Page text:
Once we are ready to begin construction, I mix up a double batch of frosting.  Like I said, I do 4 houses at a time. if you are only going to construct one house, follow the recipe exactly and do NOT double it as I do.  You will have frosting left over since the recipe easily covers two houses.

Frosting

  • 1 lb confectioner’s sugar
  • 3 egg whites (room temperature)
  • 1/2 tsp. cream of tartar

Mix with a mixer and cover with a damp towel.  The frosting hardens quickly so to keep it workable you need to keep it moist.

When you’re ready, with the house pieces, frosting, decorating tools, foil covered cardboard, and candies in front of you, fill the icing bag with frosting and using the leaf tip, begin cementing the house together.

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I begin by gluing the two chimney pieces together, then I draw my windows on the sides, back, and IF I’m feeling creative, the front panels. The frosting will dry quickly but you should still be careful about where you place your fingers as you put the house together.

Draw a bead of frosting on the bottoms, and sides where the bread will touch the cardboard and other pieces. Allow the sides to sit for about five minutes before you draw a bead of frosting around the tops and set the roof on. Be sure to frost the center connection of the roof pieces to hold the roof together and give the structure added stability. At this point, I always use a candy cane in the roof seam.  It strengthens the frosting bond.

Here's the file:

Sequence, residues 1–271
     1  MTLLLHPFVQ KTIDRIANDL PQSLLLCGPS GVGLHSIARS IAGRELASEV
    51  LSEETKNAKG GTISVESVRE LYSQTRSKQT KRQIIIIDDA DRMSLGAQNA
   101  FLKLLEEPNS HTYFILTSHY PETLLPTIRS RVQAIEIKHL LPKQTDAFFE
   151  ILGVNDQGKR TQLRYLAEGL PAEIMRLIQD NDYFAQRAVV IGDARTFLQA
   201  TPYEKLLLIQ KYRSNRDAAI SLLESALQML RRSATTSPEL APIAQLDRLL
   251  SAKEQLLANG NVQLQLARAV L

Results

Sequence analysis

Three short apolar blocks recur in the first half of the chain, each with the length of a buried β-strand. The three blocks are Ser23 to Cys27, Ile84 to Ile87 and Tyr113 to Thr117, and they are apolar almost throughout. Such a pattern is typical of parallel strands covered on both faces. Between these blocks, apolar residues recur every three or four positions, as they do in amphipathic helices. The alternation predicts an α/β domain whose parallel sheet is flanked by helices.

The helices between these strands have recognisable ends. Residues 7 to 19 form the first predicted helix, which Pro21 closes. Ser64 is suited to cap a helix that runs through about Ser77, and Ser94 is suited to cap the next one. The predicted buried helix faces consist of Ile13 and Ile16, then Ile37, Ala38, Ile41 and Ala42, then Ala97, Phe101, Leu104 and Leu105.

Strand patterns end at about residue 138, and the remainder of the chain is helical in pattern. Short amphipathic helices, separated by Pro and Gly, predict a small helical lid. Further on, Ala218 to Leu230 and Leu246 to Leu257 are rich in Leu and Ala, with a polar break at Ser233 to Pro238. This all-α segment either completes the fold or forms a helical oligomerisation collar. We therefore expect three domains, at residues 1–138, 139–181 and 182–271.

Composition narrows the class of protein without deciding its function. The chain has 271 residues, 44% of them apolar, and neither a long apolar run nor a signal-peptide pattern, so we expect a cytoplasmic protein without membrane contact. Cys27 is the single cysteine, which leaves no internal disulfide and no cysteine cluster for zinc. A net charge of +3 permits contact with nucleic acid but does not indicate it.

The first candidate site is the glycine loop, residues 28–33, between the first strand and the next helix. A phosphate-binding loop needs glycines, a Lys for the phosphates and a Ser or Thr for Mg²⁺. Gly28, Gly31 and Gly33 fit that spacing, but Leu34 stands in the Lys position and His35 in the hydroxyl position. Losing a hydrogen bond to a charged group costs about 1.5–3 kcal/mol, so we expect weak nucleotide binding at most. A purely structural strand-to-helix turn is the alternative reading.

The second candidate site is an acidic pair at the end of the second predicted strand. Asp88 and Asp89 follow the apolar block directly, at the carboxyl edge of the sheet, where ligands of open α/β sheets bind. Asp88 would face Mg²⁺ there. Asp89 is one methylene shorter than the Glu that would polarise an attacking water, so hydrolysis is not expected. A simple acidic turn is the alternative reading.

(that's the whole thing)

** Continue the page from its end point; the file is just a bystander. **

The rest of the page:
ImageNext, attach the chimney, the door, and run an extra reinforcing line of frosting along the base of the house.

Once the roof has set, you can start decorating.  I never do the same roof twice and as it’s the largest sheet of gingerbread, I try to at least cover it in frosting shingles.  some years, my kids have covered the roof in Red Hots. That’s “tasty” too.

Be sure to use your thicker frosting to cover any cut or exposed edges of the gingerbread.  This keeps the panels from crumbling .  To create “icicles”, add a 1/4 tsp of milk to the frosting to thin it out.  It takes a little longer to dry but the effect is so worth it.

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It’s the decorative candy touches that make the house special.  NOTE, always unwrap the candy before you put it on the house.  The frosting is like cement and will leach into any plastic or foil wrapping.  Better just to use “naked” candies.

 

 

Use the fast setting frosting to adhere candies quickly, especially those that hang on the roof line or on the walls. The thinner frosting won’t set up quick enough and your candies will slide or fall off, leaving smear marks behind.

 

 

Lastly, I like to create the illusion of falling snow on my houses.  A lite dusting of powdered sugar does the trick.

 

I hope you enjoy adding our family Christmas tradition to your own holiday traditions.  happy building.